They describe the technology as being buoy-based, not that different than I described above, and they would be clustered in “wave parks” that they say will be low profile but might look similar to a fleet of fishing boats. Ideally, I suppose, these would be close to large population centers where the power is needed.
John did a little digging and found a few good points to note here, as well: First, that the timeframe is a bit more extended than the teaser indicates, he said that the project looks like it’s four years out, not 2010 as indicated. Partly this might be because they had some significant problems with their initial test of one of the buoys, which was apparently destroyed by flooding (!!) and had to be written off as an asset. So that’s probably worth some consideration for you.
This is a very risky microcap that’s not making any money, of course (sometimes it seems like all the stocks we see are like that) — the shares are around 14 cents, down about 75% from their highs last Spring of about 60 cents.
Ocean Power (OPTT), by the way, is certainly further along and has recently been the poster child for this kind of renewable energy, at least for individual investors — they got onto the Nasdaq a year or so ago, which got the folks who were holding the OTC shares very excited … but it’s been a rough ride since then, the shares hit $18 or so a couple times last year, most recently in November, but are now languishing near their lows below $11.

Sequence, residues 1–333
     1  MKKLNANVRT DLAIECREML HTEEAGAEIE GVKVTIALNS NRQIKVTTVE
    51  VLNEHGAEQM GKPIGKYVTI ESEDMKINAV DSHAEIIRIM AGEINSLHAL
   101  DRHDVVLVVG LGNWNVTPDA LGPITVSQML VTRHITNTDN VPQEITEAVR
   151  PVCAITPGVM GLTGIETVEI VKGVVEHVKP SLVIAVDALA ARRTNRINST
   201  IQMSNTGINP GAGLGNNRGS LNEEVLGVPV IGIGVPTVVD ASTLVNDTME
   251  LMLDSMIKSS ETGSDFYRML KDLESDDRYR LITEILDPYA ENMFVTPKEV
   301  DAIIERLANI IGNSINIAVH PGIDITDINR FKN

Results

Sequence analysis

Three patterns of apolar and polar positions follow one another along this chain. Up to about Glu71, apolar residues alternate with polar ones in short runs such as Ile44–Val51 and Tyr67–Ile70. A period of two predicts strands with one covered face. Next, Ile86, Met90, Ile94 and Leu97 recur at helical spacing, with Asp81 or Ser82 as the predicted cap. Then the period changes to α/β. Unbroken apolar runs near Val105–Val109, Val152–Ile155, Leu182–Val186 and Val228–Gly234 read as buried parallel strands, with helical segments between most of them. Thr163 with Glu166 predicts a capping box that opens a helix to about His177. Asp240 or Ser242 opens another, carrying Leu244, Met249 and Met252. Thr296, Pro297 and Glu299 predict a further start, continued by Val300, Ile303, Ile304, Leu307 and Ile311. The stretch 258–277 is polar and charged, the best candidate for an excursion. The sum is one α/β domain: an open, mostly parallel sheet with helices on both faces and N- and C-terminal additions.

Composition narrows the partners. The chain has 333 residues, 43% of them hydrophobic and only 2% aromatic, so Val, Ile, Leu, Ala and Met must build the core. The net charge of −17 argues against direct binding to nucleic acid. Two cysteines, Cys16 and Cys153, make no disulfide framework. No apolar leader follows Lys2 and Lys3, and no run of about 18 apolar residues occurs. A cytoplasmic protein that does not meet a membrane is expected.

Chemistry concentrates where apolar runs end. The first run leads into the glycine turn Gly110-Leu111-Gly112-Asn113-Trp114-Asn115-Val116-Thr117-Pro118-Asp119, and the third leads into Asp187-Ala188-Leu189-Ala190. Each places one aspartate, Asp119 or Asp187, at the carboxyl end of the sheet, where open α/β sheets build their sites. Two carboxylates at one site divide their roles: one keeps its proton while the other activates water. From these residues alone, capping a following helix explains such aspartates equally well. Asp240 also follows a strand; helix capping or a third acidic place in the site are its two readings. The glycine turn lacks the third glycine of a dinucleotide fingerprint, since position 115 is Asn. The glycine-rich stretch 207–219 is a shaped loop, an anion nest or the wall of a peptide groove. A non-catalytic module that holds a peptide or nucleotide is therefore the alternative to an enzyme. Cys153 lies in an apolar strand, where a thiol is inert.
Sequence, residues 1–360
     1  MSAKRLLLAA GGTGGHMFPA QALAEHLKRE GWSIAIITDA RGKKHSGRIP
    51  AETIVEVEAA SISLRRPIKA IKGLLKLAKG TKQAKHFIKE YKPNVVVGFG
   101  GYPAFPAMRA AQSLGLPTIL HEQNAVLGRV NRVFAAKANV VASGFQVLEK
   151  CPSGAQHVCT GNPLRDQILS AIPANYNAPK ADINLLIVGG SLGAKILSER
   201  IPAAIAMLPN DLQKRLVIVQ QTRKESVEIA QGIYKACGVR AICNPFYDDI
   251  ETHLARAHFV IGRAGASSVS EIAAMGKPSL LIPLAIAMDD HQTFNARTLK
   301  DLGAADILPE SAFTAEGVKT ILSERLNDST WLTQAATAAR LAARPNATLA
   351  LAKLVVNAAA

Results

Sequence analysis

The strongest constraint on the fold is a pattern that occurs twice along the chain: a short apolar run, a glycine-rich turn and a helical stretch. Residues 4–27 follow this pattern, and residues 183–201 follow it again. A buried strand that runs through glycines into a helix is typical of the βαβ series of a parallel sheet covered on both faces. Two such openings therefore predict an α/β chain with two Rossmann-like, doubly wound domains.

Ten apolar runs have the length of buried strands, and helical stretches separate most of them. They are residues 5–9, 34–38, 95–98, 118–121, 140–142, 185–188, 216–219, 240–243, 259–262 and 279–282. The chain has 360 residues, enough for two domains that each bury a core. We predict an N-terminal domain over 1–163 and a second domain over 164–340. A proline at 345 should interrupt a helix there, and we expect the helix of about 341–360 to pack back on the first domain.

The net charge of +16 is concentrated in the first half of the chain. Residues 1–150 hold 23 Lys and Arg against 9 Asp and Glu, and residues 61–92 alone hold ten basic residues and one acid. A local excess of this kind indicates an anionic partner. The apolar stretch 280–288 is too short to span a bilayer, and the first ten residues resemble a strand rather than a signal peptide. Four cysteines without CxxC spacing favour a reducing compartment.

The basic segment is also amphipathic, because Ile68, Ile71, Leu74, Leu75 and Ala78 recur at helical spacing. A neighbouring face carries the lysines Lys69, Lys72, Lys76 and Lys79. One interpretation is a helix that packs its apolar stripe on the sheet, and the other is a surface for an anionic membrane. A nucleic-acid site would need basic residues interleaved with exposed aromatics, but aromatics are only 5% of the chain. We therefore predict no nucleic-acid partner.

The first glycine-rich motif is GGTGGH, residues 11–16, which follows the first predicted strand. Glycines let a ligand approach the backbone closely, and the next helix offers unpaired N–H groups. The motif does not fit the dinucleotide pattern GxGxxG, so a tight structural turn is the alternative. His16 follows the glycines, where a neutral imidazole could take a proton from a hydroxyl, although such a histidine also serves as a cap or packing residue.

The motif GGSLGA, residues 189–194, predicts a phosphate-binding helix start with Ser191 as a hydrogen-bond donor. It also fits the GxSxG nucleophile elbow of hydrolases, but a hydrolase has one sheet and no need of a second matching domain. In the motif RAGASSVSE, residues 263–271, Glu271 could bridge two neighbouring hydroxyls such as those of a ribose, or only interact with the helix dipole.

I can’t say that I’m all that excited about marine energy companies like this yet — this technology clearly still has a lot of folks concerned, whether it’s for sea traffic or interference with marine mammals or just for cost-effectiveness, and it’s going to be a while before we know whether this is a strategy that’s going to be feasible on any kind of scale that will make a difference to the world. Personally, with stocks like these that are tiny and unprofitable I’m usually more interested in waiting and watching than in investing — unless it seems like there’s a likely catalyst in the near term for the company’s development. I’m willing to miss out on some of the potential upside, since the downside seems still to be quite significant, and the upside in real income terms is likely to be many years away.
Then again, I’ve also been cautious about several of the heavily touted geothermal stocks, which made me miss out on a few nice returns and a couple stinkers, but at least geothermal generation is clearly a proven technology that’s been in use for decades, for those little geothermal companies it’s just a matter of raising capital, growing and making a profit. For the wave energy companies, the waves and tides will always be there, but the technology to turn them into power is certainly much, much more speculative than the basic technology of geothermal power … or wind power, for that matter. I do like to at least be able to see a profit at some point on the horizon before getting too involved in any companies like these, and I don’t see that yet for Finavera.
Maybe I’m just a fraidy-cat … I certainly could be wrong.
What do you think?